I was never able to verify if it really did occur or if I somehow dreamt it, but looking at the monitor image on my brochure, those innards look strangely familiar, and now I know there’s a good reason why we don’t generally get so up close and personal with the things that make us tick.



  1. Lilian Nattel said,

    Waking up like that sounds horrific and I hope it was a dream rather than not. Laparoscopy is pretty routine in fertility circles. Doctors get a good look-see and then have some answers for you. But I’ll be thinking of you next week because the prospect of a look-see like that (especially given your previous experience) can be a yikey one.

  2. Catherine said,

    Years ago I underwent a gastroscopy & colonoscopy. They told me to bring a blank video tape with me (yes, it was that long ago). I was dumb enough to follow doctors orders, so afterwards they presented me with the tape of the entire procedure. I was also dumb enough to watch said tape, so those are images I will never be able to erase from my mind.

    You’ll be fine, Di. As much as we hate them sometimes, it takes a special person to be a doctor and do what they do. Just don’t watch.

    And of course we’ll all be thinking of you.

    C xx

  3. doctordi said,

    Lilian, I’m happy to think it was a dream, but… having successfully stayed in la-la land the next time I was given a general (next week will be my third), I just can’t see how I could have dreamt it… when I was out, I was o-u-t. There was nothing from the moment I was gone until the moment I was back and in the recovery area. Not a damn thing. So… as much as I hate to think I woke up, I think I woke up. It was crazy stations, that’s all I know. But thanks – happy thoughts welcome!!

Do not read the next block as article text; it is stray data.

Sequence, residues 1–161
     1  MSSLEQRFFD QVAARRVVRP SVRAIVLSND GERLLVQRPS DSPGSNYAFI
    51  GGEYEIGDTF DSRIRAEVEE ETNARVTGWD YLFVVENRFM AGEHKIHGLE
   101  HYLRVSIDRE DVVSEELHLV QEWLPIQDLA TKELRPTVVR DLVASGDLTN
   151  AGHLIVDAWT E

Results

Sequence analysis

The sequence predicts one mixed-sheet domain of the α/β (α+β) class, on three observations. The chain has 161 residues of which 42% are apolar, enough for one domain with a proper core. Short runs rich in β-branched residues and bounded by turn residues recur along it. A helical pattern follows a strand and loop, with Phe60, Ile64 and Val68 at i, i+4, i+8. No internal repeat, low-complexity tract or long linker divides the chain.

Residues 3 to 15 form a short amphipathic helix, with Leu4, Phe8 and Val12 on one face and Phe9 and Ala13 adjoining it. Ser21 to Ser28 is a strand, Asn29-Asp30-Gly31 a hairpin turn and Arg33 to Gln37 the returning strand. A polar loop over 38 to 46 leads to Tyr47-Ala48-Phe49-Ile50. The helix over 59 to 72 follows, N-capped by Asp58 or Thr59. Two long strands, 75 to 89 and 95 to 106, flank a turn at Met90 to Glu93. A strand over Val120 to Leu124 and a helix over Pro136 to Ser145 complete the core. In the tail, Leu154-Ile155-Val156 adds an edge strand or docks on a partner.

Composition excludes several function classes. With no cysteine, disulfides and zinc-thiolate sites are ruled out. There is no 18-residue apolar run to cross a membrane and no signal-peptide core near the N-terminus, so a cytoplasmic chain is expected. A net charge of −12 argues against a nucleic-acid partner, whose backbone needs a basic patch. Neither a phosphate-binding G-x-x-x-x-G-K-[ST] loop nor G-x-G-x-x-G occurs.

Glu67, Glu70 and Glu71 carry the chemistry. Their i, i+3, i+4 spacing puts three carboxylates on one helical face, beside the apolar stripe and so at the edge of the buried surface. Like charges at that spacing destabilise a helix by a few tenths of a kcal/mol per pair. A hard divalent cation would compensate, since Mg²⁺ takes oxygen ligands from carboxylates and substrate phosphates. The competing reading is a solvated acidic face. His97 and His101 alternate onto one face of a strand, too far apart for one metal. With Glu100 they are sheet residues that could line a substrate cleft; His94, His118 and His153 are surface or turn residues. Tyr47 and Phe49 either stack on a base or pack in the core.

Catherine, that is GRUESOME!!!!!!!!! Beyond gruesome. Oh my god. What on earth possessed you to watch it? Oh, I know, writerly curiosity. It’ll get you into trouble every time. I can’t even watch fake operations on film. But yes, I am completely in awe of the medical profession in general. No argument there.

  4. litlove said,

    Wooah, scary. Tell everyone who is coming near you next Wednesday about this experience and then they will make sure you are out good and proper. i have an abiding fear of all medical procedures (I don’t even like having blood taken) so you have all my sympathy. That being said, one of my close friends had this done for exactly the same reason as you as she said it really wasn’t too bad. She is the mother now of one child and expecting a second any day, so it was helpful!